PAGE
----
If you put one ear to the ground and listen very carefully, you should be able to hear the creak of wooden wheels. That's the sound of hardware companies such as Dell, HP and IBM circling their wagons ahead of the Waste Electrical and Electronic Equipment Directive (WEEE), due to be introduced and enforced over the next two years. Why the panic? Basically, WEEEadds to the growing raft of international legislation forcing manufacturers and consumers of electronic equipment to finally take some responsibility for the by-products of the upgrade culture they have cultivated and embraced over the past 20 years.
WEEE, together with similar state-level legislation in the US, strikes at the very heart of the IT industry and challenges one of the central tenets that underpins it: out with the old and in with the new. In an industry where the new, new thing is god, the fate of old and redundant technology has been quietly ignored. But as green issues have begun to permeate the mainstream, IT equipment manufacturers have found themselves under increasing pressure to clean up their act and develop a philosophy beyond mere production and consumption.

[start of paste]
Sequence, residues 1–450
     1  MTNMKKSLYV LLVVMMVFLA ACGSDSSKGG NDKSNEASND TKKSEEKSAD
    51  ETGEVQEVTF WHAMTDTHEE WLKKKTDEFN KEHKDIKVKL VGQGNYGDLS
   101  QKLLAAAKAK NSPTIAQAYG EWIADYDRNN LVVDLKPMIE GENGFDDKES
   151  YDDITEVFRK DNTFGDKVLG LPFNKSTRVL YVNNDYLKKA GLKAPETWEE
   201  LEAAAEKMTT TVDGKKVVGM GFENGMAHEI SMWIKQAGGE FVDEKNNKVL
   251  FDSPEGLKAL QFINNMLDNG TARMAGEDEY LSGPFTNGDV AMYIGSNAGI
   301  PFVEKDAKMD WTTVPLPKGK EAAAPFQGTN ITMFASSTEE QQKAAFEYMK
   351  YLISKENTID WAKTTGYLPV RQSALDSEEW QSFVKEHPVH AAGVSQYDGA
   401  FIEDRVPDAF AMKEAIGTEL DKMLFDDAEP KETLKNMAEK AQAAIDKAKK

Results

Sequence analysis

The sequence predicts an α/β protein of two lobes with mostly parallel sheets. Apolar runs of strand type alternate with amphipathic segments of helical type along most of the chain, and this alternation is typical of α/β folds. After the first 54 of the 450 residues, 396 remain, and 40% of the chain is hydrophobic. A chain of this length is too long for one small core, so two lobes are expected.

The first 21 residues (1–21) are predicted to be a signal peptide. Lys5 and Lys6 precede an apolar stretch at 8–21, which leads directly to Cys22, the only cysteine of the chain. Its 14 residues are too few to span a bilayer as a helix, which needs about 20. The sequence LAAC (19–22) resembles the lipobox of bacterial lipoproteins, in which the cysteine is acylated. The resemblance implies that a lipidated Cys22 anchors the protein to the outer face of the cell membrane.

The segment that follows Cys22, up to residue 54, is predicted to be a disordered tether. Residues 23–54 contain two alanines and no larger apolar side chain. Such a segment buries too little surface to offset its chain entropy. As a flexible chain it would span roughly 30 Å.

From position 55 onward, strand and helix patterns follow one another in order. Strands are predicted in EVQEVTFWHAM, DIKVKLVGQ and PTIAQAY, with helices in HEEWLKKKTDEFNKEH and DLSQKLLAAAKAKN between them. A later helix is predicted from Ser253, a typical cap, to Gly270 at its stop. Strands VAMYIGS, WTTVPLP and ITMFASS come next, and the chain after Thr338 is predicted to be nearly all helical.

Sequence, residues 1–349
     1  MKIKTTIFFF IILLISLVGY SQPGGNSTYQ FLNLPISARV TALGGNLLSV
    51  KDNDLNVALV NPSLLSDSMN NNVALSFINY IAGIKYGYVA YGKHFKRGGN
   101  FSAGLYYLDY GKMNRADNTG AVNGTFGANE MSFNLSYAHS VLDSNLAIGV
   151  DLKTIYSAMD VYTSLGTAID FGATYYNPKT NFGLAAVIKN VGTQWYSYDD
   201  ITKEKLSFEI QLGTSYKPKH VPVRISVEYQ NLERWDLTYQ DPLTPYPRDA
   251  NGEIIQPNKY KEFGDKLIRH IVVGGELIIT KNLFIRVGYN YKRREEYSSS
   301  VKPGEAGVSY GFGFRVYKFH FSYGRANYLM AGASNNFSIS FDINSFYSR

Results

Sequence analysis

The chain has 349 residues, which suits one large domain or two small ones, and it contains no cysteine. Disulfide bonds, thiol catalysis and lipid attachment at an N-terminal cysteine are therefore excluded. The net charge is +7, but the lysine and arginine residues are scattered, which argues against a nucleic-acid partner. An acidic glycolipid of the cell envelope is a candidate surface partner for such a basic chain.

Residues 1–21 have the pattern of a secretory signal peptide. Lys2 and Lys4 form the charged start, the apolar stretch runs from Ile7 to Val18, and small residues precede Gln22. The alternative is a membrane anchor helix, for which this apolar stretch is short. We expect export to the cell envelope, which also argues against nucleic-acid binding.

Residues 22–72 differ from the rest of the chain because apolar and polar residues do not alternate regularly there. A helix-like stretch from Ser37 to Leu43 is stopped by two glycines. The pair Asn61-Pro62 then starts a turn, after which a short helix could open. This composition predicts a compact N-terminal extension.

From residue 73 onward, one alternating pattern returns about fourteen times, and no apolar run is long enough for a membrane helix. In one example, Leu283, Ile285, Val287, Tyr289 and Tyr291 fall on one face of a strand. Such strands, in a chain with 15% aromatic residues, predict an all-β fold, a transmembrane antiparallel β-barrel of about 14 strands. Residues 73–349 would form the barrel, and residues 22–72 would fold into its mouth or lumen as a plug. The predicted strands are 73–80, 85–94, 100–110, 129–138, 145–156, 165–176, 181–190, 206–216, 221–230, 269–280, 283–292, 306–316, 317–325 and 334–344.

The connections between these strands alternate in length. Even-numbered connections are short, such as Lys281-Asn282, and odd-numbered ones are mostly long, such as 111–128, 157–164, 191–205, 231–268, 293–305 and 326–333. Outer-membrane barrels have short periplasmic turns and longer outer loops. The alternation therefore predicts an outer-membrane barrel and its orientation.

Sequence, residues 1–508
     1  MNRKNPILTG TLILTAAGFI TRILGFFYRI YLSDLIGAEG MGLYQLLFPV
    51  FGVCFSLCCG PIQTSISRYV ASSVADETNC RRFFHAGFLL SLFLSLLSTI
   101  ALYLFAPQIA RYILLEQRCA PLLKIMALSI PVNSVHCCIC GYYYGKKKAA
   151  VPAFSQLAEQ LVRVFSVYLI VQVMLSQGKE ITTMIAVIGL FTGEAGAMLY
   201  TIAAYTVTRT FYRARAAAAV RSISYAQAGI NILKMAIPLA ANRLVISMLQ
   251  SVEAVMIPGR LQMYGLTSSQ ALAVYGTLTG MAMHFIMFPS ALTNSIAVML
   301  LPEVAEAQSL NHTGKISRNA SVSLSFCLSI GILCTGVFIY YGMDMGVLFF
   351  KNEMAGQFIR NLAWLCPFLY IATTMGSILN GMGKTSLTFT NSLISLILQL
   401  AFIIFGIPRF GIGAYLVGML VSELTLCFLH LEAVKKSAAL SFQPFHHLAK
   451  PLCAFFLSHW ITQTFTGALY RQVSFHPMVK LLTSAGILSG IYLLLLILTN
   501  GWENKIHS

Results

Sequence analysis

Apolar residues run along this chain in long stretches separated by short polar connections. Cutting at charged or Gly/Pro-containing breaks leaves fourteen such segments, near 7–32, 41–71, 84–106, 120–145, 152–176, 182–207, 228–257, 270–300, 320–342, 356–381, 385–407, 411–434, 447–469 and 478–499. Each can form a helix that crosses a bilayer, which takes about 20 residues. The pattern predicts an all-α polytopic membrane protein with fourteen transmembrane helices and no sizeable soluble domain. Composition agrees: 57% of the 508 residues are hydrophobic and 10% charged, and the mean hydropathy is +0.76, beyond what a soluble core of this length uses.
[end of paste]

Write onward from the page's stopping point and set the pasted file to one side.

For its part, Dell recently embarked on a tour of the US to beef up its environmental image and is planning a similar series of events in Europe -- beginning with a recycling day in Ireland on 25 September. Under increasing pressure, the company has done much to improve its standing with environmental groups recently -- not least discontinuing its use of prison labour in the US to dismantle old machines.
The short-term impact of WEEE could be an increase in the cost of PCs. The likes of HP and Dell are refusing to admit how much this is all going to cost them, and ultimately us, claiming it's too early to say. However, analyst groups such as Gartner are already telling their members to start budgeting for the repercussions of green legislation and incorporate the costs of equipment disposal into their IT budgets.
An industry whose adolescence coincided with the decade when greed was good -- the eighties -- now finds itself having to face up to certain responsibilities post-millennium. Companies whose profits are driven from an inextricable, unquestioning forward momentum are being forced to consider a completely alien subject: the past. IT manufacturers and users alike are hopefully being educated to change their narrow focus on building or purchasing the next shiny piece of kit and consider the complete lifecycle of a product from retail to disposal. An industry hard-wired to focus on progress is being forced to think about the legacy it is leaving behind.